In Daniel Goldhaber and Isa Mazzei’s horror film Cam — which premiered at the Fantasia Film Festival in Montreal — the villain isn’t sex work, but a camgirl’s lack of protection and agency.
This is an excerpt of the essay which appears in the ebook Beyond Empowertainment: Feminist Horror and The Struggle for Female Agency. Get your copy of the ebook here.
These days, most people on the internet must be at least vaguely familiar with the notion of camgirls: young women who film and broadcast themselves on dedicated platforms where paying viewers (mostly men) can send them comments and offer them gifts. Fewer of us know about the daily reality of a camgirl. As conversations around sex work and feminism enter the mainstream, the daily life of online sex workers is something of a last frontier.
In Cam, Madeline Brewer plays Alice, a young woman who spends most of her time and energy perfecting her online image to attract as many viewers as possible and go up in the ranks of the website. Under the name of Lola, Alice entertains her viewers and biggest — read, richest — fans according to strict self-imposed rules: she never takes her top off (it is considered cheating), but isn’t opposed to faking a hyper realistic slit-throat suicide to get a few more views. The film opens on Alice/Lola doing just that, foreshadowing Cam’s insidious horror undercurrent. One day, Alice finds herself unable to log into her account: someone else who looks exactly like her, and who seems to be standing in an exact replica of her carefully customised room, has taken her place.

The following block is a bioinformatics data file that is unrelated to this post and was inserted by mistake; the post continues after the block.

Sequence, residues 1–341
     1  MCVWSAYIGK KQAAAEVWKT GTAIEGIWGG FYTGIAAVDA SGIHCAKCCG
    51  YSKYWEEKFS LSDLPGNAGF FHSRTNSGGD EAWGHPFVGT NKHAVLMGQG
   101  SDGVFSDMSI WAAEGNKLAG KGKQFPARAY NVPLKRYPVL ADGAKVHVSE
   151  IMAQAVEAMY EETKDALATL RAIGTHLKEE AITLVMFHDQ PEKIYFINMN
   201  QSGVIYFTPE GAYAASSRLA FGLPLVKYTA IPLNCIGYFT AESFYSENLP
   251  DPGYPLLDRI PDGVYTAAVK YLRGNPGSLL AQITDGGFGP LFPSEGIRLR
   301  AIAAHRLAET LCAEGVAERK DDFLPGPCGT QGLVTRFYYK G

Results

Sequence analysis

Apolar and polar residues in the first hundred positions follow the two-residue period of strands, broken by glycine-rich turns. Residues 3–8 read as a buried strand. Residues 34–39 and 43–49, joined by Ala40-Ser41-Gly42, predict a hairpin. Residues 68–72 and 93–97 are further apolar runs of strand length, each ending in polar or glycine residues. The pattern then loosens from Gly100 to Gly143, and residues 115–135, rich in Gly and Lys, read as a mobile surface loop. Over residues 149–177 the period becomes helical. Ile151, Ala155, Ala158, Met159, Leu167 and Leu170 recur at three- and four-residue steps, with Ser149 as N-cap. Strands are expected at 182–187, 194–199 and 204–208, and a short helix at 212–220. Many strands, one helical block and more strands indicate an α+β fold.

As Alice tries desperately to recover her account and chase away this digital ghost of herself, Cam explores the details of video sex work without discrediting the camgirls themselves. Naturally, the job comes with its wealth of creeps, but most of them are harmless. Alice herself intelligently plays on the offensive cliche that sees sex work as inherently dangerous (rather than simply stereotyped and therefore under-protected). The hostile user whose menacing comments prompted her “suicide” was in fact one of Lola’s friends, a fan logged in through another account to help her make the stunt appear more realistic.
Want to read the rest of the interview? Order a copy of our ebook on feminist horror beyond empowertainment here.